In my telephone conversation with Nash, he claimed to have evidence to support every one of his multitude of allegations of Halper’s fraud. He said it was too simplistic to say that Halper was naïve and gullible and was swindled himself in buying items that turned out to be fakes.
On the other hand, a man who knew Halper probably better than anyone said that might have been Halper’s problem precisely.
“Whether you want to call him gullible or too trusting of people, there was a certain naivete to Barry,” said Marvin Goldklang, also a limited partner in the Yankees and long-time friend who lived across the street from Halper in Livingston, N.J.
“That makes it possible that items in his collection were not authentic, but did he ever intend to defraud anyone? Absolutely not.”
I knew Halper, who died in 2005, from the time he became a limited partner of George Steinbrenner in the Yankees’ ownership. Ours was a professional relationship, and I found him to be a good and honest man.
He periodically invited me to see his collection, which he housed at his home in Livingston, N. J., but I never found the time for what I figured would likely turn into an all-day visit.
And anyway I wasn’t a fan of memorabilia. I have never collected and have never understood the mad desire to pay lots of money for old bats and balls.
All of that said, I would be surprised if Halper were the evil person Nash has portrayed him to have been. I doubt that Halper had a fraudulent bone in his body.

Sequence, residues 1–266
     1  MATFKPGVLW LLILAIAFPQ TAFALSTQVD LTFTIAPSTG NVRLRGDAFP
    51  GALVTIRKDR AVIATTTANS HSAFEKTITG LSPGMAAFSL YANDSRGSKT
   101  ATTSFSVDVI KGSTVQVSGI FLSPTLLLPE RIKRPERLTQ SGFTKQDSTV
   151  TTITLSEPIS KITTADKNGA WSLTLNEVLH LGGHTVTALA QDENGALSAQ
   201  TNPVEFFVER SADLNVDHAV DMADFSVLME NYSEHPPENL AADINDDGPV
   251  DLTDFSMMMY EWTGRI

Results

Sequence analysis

I don’t know Nash at all. Saturday was the first time I spoke with him. The Post story, he said, resulted from the paper’s contacting him after reading his blogs about Halper and asked him to write one for the Post. He said he had written probably 30 articles about Halper for his Web site. He sounds like a man obsessed. I haven’t written nearly that many columns about Marvin Miller.
Goldklang offered a few reasons why Halper was not out to con anyone, as Nash charged. For one thing, Goldklang said in a telephone interview, Halper was not in the memorabilia business to sell the items he collected.
“His plan was to create a museum,” Goldklang said, “not sell things. Most of the stuff he acquired wasn’t for the purpose of selling it.”
Goldklang’s best reason, I thought for Halper’s being legitimate with his memorabilia collection involved the Yankees.
Nash’s article began with a 1985 scene at Yankee Stadium in which Steinbrenner, manager Yogi Berra and several players were posing for a picture for The Sporting News wearing old uniforms from Halper’s collection. The uniforms were all fake, Nash wrote.
If they were fakes, did Halper know it? Not a chance, Goldklang said.
“Barry was afraid of George,” Goldklang said. “I know how important his relationship with the Yankees was to Barry and he never would have done anything to jeopardize that.”